Israel now has a fleet of highly sophisticated warning planes, complete with crews trained in the United States, to help offset the coming loss of the Sinai Desert, which has served as a buffer zone.
These planes, the fourth of which was delivered by the United States to Israel last month, are part of a modern arsenal that is expected to grow in the wake of the Camp David agreements.
Defense Secretary Harold Brown plans to travel to Jerusalem and Cairo in January to discuss with his counterparts the requests for additional American weaponry. Pentagon officials said it would be the first such trip by a U.S. defense secretary. Brown had announced his intention to make the trip before the Camp David summit.
Both Israel and Egypt had submitted long wish lists of American weaponry to the Carter administration before the peace agreement was reached and are expected to argue now that the loss of the Sinai buffer zone makes their requests more urgent than ever.
President Carter during the Arab-Israeli peace negotiations committed the United States to putting up the money for two new Israeli air bases in the Negev Desert to make up for the ones to be lost by returning the Sinai to Egypt.
Pentagon spokesman Thomas B. Ross said yesterday that the bases probably will cost between $300 million and $1 billion. Those estimates are "vary preliminary," Ross added.
"We would compenstate the Israelis for their withdrawal" from their Sinai air bases at El Arish on the northern coast of the desert and at Ezion at the head of the Gulf of Aqaba, Ross said. He said Israel probably will build the new bases.
As for items on the Israeli wish list, Ross said yesterday that the Carter administration is "proceeding with consideration" of the 10-year, $13.5 billion package already on file. "There has been no change," he added.
Both Israel and Egypt hope to get more Amercian tanks, armored personnel carriers and antiarmor weapons to beef up their infantries. Pentagon officials said Egypt, in contrast to Israel, which is now stronger militarily than ever, is still woefully weak in both its air and ground forces.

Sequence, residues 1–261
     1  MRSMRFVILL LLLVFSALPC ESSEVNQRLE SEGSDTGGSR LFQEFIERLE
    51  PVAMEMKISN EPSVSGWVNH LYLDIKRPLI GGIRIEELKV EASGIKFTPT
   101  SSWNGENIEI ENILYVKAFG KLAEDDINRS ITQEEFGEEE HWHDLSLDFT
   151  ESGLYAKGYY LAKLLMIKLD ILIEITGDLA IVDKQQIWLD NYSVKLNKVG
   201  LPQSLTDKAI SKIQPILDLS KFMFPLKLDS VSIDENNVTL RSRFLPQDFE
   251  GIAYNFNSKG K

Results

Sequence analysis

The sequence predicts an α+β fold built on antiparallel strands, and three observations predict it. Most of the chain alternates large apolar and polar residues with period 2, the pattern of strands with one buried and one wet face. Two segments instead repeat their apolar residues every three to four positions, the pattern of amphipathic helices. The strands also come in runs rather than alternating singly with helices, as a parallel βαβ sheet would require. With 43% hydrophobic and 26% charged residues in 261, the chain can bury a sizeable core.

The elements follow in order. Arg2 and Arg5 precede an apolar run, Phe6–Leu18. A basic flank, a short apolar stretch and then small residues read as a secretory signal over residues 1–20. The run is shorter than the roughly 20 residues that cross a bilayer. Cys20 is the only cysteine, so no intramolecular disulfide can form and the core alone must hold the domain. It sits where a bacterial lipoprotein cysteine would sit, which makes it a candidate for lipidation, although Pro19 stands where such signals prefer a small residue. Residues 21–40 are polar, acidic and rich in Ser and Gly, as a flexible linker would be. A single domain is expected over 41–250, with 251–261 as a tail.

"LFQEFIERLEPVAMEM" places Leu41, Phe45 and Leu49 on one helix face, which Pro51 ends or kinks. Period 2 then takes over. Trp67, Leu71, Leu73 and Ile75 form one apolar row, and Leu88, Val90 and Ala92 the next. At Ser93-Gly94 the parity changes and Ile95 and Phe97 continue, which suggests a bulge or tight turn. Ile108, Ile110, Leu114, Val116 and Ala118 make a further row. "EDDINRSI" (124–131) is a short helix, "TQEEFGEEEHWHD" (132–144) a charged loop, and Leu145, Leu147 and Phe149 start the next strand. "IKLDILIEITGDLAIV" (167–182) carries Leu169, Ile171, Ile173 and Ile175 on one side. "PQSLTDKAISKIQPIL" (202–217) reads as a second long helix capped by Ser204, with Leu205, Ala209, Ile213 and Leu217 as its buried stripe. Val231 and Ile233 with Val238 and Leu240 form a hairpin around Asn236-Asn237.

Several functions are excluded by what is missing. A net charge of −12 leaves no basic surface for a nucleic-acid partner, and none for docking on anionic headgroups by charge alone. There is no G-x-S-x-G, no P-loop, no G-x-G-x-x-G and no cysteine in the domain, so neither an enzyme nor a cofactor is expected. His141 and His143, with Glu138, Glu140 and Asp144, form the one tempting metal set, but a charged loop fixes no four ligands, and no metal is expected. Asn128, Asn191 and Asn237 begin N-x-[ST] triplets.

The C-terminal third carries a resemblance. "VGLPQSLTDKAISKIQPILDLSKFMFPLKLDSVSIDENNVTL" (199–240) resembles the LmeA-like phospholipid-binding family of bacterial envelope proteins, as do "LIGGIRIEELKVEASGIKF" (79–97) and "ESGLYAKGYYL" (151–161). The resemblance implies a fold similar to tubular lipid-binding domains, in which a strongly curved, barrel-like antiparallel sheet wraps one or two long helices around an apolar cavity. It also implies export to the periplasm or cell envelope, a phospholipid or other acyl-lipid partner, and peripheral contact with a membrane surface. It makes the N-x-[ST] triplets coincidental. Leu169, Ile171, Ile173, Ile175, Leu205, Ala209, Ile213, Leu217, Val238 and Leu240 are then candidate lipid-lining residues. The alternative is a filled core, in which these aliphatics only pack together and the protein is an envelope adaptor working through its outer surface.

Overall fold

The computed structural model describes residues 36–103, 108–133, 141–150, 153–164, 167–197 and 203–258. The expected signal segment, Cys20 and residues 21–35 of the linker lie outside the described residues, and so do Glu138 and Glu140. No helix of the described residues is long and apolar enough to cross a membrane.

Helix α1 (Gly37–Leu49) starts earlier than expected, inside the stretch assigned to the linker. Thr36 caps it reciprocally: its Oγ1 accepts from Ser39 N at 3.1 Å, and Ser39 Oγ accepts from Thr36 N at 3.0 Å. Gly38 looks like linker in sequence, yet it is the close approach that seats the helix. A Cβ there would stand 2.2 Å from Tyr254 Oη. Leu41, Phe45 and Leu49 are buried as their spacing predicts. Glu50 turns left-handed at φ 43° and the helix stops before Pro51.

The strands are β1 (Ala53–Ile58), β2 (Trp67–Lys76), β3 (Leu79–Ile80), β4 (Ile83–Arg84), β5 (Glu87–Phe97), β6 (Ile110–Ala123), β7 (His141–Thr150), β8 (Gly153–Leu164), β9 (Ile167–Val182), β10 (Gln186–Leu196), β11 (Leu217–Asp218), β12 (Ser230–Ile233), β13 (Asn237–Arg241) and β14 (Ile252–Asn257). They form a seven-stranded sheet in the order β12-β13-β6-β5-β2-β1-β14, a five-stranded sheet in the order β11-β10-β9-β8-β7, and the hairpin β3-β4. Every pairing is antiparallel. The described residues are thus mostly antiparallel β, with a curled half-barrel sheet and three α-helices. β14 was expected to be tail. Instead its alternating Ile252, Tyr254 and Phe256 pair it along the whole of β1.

The 50 F5E fighter-bombers Carter has promised to deliver to Egypt, even if they went against Israel in concert with the 60 F15 fighters going to Saudi Arabia, are not considered by Pentagon specialists as any match for the sophisticated Israeli air force.
The new warning planes Israel had received from the United States under a $170 million deal provide an extra degree of aerial superiority. No foreign country has this plane, the Grumman E2C Hawkeye.
Carrying two pilots and a crew of three to operate the sophisticated electronic equipment, the Hawkeye could detect with its radar an enemy fighter 150 to 200 miles away.
Other equipment aboard the Hawkeye would tell the crew the course and speed of the enemy plane, information that would be sent in code to commanders on the ground so they could order fighters aloft.
Other sophisticated electronic equipment on this warning plane includes a passive system that can detect another plane's radar emission from about 400 miles away.
Each of the four Hawkeyes, which have just joined the Israeli air force, is designed to direct fighter plane attacks against 30 different enemy aircraft while keeping radar track of hundreds of others.
Stepped up aerial patrol plus ground monitoring stations like the ones now in the Sinai are expected to be part of the Israeli military response to the shrunken borders agreed to under the new framework for a peace agreement.
However, Carter administration officials insist there is no intention of putting any kind of American military presence in Israel. Israel Prime Minister Menachem Begin told the Senate Foreign Relations Committee yesterday that, despite no provisions for such bases in the peace agreements a U.S. military would be welcome.
Sen. Frank Church (D-Idaho), summarizing Begin's testimony yesterday, told reporters that the Israeli prime minister had said, "We would be welcome at Haifa if we wanted to establish a naval installation there. We would be welcome in the Sinai, if we were interested in establishing an air base there, of course, with the permission of the Egyptians. . ."